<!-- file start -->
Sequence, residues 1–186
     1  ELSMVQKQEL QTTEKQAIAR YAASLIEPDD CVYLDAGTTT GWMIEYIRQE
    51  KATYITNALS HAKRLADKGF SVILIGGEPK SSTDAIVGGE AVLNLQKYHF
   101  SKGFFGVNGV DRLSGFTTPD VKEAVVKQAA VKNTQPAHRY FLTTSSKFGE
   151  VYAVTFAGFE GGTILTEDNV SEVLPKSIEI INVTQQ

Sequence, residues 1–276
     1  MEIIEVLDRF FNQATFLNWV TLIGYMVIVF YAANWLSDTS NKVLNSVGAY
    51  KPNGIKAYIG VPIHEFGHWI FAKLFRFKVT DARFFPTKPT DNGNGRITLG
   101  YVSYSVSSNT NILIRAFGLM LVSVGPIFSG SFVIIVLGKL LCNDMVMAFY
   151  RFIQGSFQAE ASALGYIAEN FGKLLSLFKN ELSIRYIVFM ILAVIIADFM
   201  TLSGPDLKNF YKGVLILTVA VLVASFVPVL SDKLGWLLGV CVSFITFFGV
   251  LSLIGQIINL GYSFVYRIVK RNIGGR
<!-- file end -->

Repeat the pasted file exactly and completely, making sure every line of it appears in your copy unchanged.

Sequence, residues 1–186
     1  ELSMVQKQEL QTTEKQAIAR YAASLIEPDD CVYLDAGTTT GWMIEYIRQE
    51  KATYITNALS HAKRLADKGF SVILIGGEPK SSTDAIVGGE AVLNLQKYHF
   101  SKGFFGVNGV DRLSGFTTPD VKEAVVKQAA VKNTQPAHRY FLTTSSKFGE
   151  VYAVTFAGFE GGTILTEDNV SEVLPKSIEI INVTQQ

Sequence, residues 1–276
     1  MEIIEVLDRF FNQATFLNWV TLIGYMVIVF YAANWLSDTS NKVLNSVGAY
    51  KPNGIKAYIG VPIHEFGHWI FAKLFRFKVT DARFFPTKPT DNGNGRITLG
   101  YVSYSVSSNT NILIRAFGLM LVSVGPIFSG SFVIIVLGKL LCNDMVMAFY
   151  RFIQGSFQAE ASALGYIAEN FGKLLSLFKN ELSIRYIVFM ILAVIIADFM
   201  TLSGPDLKNF YKGVLILTVA VLVASFVPVL SDKLGWLLGV CVSFITFFGV
   251  LSLIGQIINL GYSFVYRIVK RNIGGR